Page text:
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Havana Biennial 2019: Constructing the Possible Ocula Report Havana Biennial 2019: Constructing the Possible 17 Apr 2019 : Federica Bueti for Ocula

I first visited Havana in November 2016, a few days after Fidel Castro died, and just under a year before Hurricane Irma hit Cuba in September 2017. Since then, much has changed, including the hand-painted signs that punctuate the journey from the airport to the city centre, which today do not celebrate the revolution so much as the 'Unidad y...

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Andrew Stahl and Guo Xiaohui Ocula Conversation Andrew Stahl and Guo Xiaohui

The exhibition Beyond Boundaries at Somerset House in London (12 March–2 April 2019) marked the historic contributions of the Central Academy of Fine Arts, Beijing (CAFA) and the Slade School of Fine Art, University College London, on the occasion of their 100th and 150th anniversaries, respectively. Spread across several rooms of Somerset House's...

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The National 2019: New Australian Art Ocula Report The National 2019: New Australian Art 13 Apr 2019 : Elyse Goldfinch for Ocula

The National 2019: New Australian Art features work by 70 contemporary Australia-based artists split across three venues: the Art Gallery of New South Wales (AGNSW), Carriageworks, and the Museum of Contemporary Art Australia (MCA) (29 March–21 July 2019), as curated by Isobel Parker Philip, curator of photographs at AGNSW; Daniel Mudie Cunningham,...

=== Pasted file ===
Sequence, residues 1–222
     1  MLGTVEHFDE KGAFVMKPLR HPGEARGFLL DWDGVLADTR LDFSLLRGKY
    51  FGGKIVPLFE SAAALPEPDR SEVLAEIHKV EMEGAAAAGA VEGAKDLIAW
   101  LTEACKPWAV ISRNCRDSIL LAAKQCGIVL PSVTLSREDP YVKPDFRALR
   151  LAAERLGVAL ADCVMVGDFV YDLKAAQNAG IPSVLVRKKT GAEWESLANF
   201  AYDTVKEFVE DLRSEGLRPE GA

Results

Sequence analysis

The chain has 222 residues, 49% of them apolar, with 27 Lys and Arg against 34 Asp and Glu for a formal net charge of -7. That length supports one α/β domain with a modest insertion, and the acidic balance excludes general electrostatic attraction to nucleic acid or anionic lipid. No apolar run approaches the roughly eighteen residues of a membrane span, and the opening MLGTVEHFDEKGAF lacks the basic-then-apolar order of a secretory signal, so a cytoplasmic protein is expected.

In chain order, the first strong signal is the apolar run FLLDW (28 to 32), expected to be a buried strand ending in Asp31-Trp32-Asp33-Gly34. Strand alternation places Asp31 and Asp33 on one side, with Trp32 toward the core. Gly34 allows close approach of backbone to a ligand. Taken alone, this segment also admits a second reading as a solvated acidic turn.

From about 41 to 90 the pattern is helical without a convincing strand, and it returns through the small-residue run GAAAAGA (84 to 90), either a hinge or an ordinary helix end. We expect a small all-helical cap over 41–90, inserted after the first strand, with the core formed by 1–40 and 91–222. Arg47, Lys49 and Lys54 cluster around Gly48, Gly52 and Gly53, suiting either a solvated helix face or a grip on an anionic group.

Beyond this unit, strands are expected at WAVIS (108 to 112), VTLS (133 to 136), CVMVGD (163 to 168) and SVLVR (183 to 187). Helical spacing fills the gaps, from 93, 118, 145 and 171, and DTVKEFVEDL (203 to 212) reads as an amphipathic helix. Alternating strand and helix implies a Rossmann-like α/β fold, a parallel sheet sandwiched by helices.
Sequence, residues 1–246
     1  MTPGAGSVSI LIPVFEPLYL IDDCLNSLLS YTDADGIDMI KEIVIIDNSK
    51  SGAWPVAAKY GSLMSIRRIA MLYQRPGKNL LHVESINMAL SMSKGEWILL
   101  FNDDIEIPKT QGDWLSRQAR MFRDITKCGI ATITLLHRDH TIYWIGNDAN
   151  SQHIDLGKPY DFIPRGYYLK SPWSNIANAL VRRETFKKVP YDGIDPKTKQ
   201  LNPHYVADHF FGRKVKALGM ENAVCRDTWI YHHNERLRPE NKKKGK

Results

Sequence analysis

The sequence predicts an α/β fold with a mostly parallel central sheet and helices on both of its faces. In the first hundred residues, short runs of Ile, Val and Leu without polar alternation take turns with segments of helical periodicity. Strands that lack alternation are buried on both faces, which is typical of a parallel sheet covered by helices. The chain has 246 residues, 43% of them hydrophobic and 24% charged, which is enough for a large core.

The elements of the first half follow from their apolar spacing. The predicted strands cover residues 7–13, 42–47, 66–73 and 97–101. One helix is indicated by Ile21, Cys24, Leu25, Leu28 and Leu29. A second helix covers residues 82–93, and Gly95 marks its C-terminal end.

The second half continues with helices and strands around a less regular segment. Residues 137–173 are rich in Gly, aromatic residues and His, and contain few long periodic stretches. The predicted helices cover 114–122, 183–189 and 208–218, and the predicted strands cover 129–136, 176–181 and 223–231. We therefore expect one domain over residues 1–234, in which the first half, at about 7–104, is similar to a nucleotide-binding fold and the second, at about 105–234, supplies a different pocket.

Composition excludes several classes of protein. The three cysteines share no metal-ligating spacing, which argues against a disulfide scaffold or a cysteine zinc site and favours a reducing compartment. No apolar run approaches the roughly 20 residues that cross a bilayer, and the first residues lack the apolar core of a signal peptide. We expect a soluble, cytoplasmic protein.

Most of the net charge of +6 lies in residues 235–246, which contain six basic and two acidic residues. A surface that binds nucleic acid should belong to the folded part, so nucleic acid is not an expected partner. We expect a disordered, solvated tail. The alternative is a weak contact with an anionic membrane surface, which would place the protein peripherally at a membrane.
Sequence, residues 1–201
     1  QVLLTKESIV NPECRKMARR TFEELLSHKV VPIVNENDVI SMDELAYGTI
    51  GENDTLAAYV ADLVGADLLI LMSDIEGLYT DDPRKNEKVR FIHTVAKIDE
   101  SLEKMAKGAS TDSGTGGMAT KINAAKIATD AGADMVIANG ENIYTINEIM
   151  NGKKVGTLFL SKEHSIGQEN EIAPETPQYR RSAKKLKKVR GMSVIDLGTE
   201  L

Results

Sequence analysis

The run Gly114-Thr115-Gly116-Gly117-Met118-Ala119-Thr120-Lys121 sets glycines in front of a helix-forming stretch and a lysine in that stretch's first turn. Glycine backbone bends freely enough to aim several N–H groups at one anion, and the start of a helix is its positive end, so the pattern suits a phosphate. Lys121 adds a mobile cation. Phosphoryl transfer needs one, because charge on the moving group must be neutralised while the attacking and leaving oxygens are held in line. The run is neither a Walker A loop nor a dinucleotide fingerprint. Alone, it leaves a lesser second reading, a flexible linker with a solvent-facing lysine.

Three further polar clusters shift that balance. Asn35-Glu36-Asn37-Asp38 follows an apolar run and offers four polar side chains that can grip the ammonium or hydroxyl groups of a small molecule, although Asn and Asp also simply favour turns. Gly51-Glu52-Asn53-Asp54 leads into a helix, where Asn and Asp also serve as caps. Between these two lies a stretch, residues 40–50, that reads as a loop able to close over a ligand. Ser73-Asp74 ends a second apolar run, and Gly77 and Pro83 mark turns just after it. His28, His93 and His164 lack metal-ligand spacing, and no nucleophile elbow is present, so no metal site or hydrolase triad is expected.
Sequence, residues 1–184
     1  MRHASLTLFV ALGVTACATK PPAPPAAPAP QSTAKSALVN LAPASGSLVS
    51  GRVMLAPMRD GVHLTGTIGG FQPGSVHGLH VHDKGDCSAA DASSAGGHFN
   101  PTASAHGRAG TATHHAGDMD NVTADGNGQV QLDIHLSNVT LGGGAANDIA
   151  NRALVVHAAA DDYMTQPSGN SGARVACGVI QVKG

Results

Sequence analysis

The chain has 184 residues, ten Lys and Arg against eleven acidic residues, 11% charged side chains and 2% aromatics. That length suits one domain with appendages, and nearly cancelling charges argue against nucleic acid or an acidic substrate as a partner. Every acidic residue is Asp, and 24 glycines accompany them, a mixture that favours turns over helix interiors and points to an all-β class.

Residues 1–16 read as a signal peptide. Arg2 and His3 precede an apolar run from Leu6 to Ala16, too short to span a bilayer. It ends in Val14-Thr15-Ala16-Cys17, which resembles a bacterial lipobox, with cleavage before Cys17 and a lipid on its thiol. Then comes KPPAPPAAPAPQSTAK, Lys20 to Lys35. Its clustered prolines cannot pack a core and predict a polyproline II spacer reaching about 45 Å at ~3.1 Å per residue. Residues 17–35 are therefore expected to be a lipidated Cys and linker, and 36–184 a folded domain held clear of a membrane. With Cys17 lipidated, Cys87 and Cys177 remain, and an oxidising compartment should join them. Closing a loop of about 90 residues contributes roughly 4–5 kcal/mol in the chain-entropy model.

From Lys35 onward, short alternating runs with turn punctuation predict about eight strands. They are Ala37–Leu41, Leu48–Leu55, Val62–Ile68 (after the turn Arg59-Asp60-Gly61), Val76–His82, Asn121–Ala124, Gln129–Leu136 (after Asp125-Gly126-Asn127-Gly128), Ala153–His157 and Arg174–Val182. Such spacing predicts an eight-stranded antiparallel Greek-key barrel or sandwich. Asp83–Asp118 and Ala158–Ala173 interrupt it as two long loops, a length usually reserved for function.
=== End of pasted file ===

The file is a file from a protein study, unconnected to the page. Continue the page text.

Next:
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Related Press

MARY CORSE: A Survey in Light

Elizabeth M. Gollnick The Brooklyn Rail First published on 11 July 2018

Mary Corse, Untitled (White Multiple Inner Band) (2003). Glass microspheres and acrylic on canvas. 96 × 240 inches. Courtesy Kayne Griffin Corcoran, Los Angeles, Lehmann Maupin, New York; and Lisson Gallery, London. Photo: © Mary Corse.

At the entrance to Mary Corse: A Survey in Light at the Whitney Museum of American Art, a monitor plays White Light (1968), a film showing a young Mary Corse at work in her studio. In one scene, Corse holds a square of fluorescent tubing, moving it playfully in front of the camera. The square begins to glow, seemingly from within, without any apparent wires or electrical source. This scene encapsulates Corse’s 'light painting' practice, developed in the 1960s during the postwar technology boom in Southern California. Corse’s work has been aligned with several strains of postwar abstract art, including Minimalism and Light and Space. She engages with issues of interest to both groups, including the relationships between the work of art and the space of exhibition on one hand, and the engagement of a spectator on the other.

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